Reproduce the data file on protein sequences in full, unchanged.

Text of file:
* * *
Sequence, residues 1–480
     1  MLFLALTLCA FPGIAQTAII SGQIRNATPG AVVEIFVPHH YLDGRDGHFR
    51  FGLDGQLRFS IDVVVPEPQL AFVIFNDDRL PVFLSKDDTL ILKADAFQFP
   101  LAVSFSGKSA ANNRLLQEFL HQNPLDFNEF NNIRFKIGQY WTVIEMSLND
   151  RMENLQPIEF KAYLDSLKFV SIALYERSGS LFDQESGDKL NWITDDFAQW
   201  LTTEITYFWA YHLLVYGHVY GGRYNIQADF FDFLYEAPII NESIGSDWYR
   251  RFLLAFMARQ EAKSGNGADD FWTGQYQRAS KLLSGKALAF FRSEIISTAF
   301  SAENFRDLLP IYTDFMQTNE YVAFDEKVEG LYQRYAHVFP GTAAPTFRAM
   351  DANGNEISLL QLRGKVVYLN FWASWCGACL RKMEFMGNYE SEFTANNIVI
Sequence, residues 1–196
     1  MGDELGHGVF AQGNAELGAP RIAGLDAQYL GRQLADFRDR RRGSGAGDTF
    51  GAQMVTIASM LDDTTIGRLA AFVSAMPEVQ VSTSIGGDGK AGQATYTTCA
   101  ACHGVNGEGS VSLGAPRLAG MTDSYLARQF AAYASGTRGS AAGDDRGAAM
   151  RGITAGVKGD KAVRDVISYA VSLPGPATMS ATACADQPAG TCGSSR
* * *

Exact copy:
Sequence, residues 1–480
     1  MLFLALTLCA FPGIAQTAII SGQIRNATPG AVVEIFVPHH YLDGRDGHFR
    51  FGLDGQLRFS IDVVVPEPQL AFVIFNDDRL PVFLSKDDTL ILKADAFQFP
   101  LAVSFSGKSA ANNRLLQEFL HQNPLDFNEF NNIRFKIGQY WTVIEMSLND
   151  RMENLQPIEF KAYLDSLKFV SIALYERSGS LFDQESGDKL NWITDDFAQW
   201  LTTEITYFWA YHLLVYGHVY GGRYNIQADF FDFLYEAPII NESIGSDWYR
   251  RFLLAFMARQ EAKSGNGADD FWTGQYQRAS KLLSGKALAF FRSEIISTAF
   301  SAENFRDLLP IYTDFMQTNE YVAFDEKVEG LYQRYAHVFP GTAAPTFRAM
   351  DANGNEISLL QLRGKVVYLN FWASWCGACL RKMEFMGNYE SEFTANNIVI
Sequence, residues 1–196
     1  MGDELGHGVF AQGNAELGAP RIAGLDAQYL GRQLADFRDR RRGSGAGDTF
    51  GAQMVTIASM LDDTTIGRLA AFVSAMPEVQ VSTSIGGDGK AGQATYTTCA
   101  ACHGVNGEGS VSLGAPRLAG MTDSYLARQF AAYASGTRGS AAGDDRGAAM
   151  RGITAGVKGD KAVRDVISYA VSLPGPATMS ATACADQPAG TCGSSR